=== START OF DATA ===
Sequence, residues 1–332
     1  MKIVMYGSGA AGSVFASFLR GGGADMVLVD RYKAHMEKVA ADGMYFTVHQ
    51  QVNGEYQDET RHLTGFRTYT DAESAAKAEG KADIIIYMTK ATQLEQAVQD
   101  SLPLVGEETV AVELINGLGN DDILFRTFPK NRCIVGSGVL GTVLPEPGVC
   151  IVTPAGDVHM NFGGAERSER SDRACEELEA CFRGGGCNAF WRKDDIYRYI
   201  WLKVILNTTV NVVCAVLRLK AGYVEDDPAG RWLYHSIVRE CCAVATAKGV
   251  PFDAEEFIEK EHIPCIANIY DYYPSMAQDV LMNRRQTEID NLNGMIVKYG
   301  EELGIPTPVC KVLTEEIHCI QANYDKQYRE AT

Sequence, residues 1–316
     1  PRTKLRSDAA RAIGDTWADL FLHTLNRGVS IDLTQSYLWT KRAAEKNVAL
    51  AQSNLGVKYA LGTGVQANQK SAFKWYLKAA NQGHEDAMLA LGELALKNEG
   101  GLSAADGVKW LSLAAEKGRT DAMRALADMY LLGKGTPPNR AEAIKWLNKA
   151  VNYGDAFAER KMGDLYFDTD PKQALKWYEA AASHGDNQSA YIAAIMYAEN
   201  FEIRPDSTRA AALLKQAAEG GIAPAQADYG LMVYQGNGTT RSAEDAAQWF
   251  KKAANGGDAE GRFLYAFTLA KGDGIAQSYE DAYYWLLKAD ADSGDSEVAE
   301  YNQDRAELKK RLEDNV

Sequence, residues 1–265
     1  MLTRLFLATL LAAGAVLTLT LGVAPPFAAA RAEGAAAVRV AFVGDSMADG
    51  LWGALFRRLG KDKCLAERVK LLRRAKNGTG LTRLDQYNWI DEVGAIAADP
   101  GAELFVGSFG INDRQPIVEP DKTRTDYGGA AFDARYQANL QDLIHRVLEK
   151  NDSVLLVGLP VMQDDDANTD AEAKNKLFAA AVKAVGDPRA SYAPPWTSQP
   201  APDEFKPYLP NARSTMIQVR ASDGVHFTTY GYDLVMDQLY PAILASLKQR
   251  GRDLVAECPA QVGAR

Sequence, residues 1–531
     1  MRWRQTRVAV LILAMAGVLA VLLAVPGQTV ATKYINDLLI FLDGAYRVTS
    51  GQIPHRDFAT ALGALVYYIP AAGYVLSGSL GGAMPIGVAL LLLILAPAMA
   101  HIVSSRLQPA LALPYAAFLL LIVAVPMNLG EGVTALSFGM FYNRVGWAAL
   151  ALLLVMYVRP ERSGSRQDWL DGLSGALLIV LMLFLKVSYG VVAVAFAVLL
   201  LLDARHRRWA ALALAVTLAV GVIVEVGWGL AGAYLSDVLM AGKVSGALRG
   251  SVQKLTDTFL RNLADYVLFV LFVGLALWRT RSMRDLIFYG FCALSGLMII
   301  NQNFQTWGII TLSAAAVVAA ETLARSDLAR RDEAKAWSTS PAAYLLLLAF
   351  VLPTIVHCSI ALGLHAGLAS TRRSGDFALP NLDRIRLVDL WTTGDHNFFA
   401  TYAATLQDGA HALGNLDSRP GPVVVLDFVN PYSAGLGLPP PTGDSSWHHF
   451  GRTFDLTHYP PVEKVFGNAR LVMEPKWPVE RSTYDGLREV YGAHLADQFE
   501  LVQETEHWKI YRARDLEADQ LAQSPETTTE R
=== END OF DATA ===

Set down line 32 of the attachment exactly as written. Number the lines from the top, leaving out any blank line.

   351  VLPTIVHCSI ALGLHAGLAS TRRSGDFALP NLDRIRLVDL WTTGDHNFFA